Saturday, October 21, 2006

Egos. Alive and well in France.

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The spot where he kissed me itched for days. A phantom pain from where my untainted skin used to lie. He caught me off guard as I slipped from the 1 to the 12 line at Concorde station. He grabbed my hand from out of nowhere, nearly swallowing it whole as he planted his sloppy kiss. I thought for a moment that he might be a professional thief who was trying to suck the wedding ring from my finger. Instead he was a skeezy old Frenchman whose tweed sports coat, and the dandruff on it, were both older than me. His prime, if ever he had one, past 40 years ago. But that didn’t stop him from believing that he was debonair as hell.

I muttered in French as best I could as I struggled to free what was left of my hand, but the bastard spoke English. Even worse, he was taking the same metro line as me. He asked if I was English or American. He preferred Americans because the U.S. is "farther away" (probably because it’s more complicated to extradite dirty perverts 6,000 miles opposed to shooting them through the Chunnel).

After narrowing down my city to San Francisco, he asked if I was a homosexual. Not finding the humor in his comment, I told him that I wasn’t, but my husband might be. Him being French it’s sometimes hard to tell. (I figured one stupid stereotype deserved another). It was lost on the old man and he continued. He was only interested in one thing: making me his mistress.

As the metro winded down the tracks, I could barely contain my gag reflex. His breath smelled of spoiled milk and a constellation of blackheads formed the Big Dipper on the tip of his nose. He yanked on his Donald Trump eyebrows and rolled the course salt-and-pepper hairs between his stubby fingers. He hammered me with flirtations until I finally gave in. What can I say, I’ve always wanted a Kelly bag.

Sunday, October 15, 2006

The Rain in Spain . . .

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While chatting with my fellow immigrant classmates the young Cambodian woman next to me seized the opportunity to tell me that I was pronouncing the word “pas” incorrectly. I was forced to repeat “Je ne sais pas” (I don't know) over and over again while a Peruvian and a Macedonian student joined in to help critique my performance. I know enough to know that the “s” in “pas” is silent, thus I couldn't have been that far off. Plus, I use this phrase daily, along with “Je ne comprends pas” (I don't understand), on the streets of Paris and French people seem to understand me just fine. As does my French husband.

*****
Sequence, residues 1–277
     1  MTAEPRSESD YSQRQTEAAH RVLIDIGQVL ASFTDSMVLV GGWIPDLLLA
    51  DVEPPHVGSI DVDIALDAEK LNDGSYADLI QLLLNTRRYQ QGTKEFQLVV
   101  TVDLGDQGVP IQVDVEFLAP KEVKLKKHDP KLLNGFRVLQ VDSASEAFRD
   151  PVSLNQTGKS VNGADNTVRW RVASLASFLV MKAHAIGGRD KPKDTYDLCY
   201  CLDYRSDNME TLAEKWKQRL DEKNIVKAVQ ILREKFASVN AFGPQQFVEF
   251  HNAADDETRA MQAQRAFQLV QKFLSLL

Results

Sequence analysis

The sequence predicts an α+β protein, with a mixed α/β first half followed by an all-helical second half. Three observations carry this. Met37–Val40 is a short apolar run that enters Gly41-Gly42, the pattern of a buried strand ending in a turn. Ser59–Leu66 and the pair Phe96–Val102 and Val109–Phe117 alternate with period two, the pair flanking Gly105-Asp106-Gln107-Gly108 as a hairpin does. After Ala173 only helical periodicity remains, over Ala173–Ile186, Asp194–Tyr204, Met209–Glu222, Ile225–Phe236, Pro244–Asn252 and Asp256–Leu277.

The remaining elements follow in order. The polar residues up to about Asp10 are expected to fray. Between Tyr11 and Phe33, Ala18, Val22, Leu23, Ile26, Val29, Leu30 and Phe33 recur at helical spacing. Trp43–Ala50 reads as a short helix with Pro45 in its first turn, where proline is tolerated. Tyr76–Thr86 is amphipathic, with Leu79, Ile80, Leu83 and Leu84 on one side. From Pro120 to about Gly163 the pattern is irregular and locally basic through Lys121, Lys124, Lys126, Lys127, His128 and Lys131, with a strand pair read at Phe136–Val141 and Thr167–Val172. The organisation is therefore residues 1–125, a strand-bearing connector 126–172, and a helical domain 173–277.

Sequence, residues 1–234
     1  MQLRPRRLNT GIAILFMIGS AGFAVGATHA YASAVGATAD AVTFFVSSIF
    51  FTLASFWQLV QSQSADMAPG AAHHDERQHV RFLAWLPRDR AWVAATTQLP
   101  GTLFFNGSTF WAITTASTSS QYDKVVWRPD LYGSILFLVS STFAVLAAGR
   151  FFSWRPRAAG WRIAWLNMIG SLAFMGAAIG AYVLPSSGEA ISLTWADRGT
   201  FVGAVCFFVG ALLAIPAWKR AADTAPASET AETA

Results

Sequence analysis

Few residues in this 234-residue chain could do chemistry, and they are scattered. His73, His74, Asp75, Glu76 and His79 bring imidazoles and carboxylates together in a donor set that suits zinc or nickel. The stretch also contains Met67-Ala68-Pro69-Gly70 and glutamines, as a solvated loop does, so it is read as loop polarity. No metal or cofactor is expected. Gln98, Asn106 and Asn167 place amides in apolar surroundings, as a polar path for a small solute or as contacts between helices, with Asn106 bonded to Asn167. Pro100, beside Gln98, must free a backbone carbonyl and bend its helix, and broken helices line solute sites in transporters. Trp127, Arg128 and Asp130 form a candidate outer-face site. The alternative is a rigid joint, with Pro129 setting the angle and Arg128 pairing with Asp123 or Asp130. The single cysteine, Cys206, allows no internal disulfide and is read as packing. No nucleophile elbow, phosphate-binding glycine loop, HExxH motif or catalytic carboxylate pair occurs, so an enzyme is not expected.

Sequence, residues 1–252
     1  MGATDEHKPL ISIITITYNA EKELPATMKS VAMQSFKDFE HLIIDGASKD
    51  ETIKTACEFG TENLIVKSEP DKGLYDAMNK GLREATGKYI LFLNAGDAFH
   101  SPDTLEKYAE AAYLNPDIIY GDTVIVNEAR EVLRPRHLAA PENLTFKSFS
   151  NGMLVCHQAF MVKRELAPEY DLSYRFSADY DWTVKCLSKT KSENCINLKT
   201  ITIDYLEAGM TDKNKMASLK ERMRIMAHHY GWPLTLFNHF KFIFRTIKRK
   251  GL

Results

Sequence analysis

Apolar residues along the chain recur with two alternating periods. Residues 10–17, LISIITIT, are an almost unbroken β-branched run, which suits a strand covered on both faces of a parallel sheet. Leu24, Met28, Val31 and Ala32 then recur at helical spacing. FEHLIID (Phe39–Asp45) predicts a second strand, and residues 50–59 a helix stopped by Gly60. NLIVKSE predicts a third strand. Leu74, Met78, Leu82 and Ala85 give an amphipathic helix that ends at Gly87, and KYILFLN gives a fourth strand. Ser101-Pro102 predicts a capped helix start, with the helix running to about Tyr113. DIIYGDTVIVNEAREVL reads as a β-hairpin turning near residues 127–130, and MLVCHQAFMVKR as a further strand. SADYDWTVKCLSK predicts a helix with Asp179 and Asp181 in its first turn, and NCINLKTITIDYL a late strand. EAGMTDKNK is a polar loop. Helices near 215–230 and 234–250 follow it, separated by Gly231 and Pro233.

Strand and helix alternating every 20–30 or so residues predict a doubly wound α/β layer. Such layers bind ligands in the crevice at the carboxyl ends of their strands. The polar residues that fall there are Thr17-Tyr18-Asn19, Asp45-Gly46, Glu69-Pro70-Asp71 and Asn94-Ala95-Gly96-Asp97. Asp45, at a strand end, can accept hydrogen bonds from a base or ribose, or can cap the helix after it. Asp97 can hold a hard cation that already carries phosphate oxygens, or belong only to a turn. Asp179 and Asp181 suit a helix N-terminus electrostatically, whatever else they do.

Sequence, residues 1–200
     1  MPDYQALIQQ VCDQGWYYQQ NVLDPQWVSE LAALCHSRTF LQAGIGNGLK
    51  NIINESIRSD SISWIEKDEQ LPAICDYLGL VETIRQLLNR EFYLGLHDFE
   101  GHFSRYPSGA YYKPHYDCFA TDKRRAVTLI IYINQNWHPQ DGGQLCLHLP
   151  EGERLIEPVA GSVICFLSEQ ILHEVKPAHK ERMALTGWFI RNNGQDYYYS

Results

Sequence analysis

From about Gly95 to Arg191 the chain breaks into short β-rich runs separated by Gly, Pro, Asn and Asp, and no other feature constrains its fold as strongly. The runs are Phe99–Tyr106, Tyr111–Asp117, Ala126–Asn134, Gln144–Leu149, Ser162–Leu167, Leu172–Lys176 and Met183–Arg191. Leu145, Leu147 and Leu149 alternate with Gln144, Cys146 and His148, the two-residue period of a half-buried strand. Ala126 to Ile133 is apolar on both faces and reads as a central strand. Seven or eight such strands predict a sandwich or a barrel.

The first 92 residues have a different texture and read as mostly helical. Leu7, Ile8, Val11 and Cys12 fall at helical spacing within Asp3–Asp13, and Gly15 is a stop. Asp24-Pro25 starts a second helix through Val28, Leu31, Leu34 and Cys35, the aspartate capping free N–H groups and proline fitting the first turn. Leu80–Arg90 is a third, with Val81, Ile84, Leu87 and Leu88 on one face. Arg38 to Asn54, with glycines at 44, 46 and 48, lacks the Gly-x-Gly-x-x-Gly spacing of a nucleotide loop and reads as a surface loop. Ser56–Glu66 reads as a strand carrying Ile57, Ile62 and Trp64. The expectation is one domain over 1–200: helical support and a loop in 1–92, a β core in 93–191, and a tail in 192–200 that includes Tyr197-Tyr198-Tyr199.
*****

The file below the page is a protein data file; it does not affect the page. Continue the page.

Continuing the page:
I asked my volunteer tutors to imitate my mistake so I could hear the difference; however, I was unable to detect the distinction. Perhaps it had something to do with their accents. Just a guess. I finally was saved when my French teacher interrupted and confirmed that I was saying it correctly, I just had an American accent. Something that I doubt I'll lose anytime soon as I don't have the financial incentive or talent of Nicole Kidman or Charlize Theron. I wanted to point out that the Cambodian woman has an accent while speaking English, which I would have done, but I thought it would seem petty considering she speaks four languages (Cambodian and Chinese - fluently, French and English - high beginner).

While I’ve learned to accept constructive criticism from other immigrants regarding vocabulary, grammar, and obvious mispronunciation of words, e.g., canard = duck vs. connard = moron, I have not reached the point where I am willing to play Eliza Doolittle to novice francophones - especially when the panel is comprised of a person who cannot pronounce at least 3 consonants in French, another who rolls her Rs into next week, and a third who relies on the Slovenian alphabet.

There are plenty of things that these women do that are far more unpleasant. For example, four hours a day the Cambodian woman obliviously picks the acne on her forehead and then uses her pinky nail to scrape and flick the oily crud onto our shared desk. The Peruvian routinely walks into the classroom late while talking on her cell phone. She also answers it in class when it rings, as do half the other students (my favorite is when "My hump, my hump, my hump, my lovely little lumps . . ." blasts from the cell phone of the 40ish Kazakhstanian woman on the other side of me). Finally, the Macedonian woman might as well be a quadriplegic with tourettes. The woman never, never raises a hand to ask or respond to a question and constantly blurts out (wrong) answers. Lest you think I’m intolerant, I make fun of Americans too, but I'm the only one in this class and I'm too busy quietly documenting the annoying habits of my classmates to bother anyone.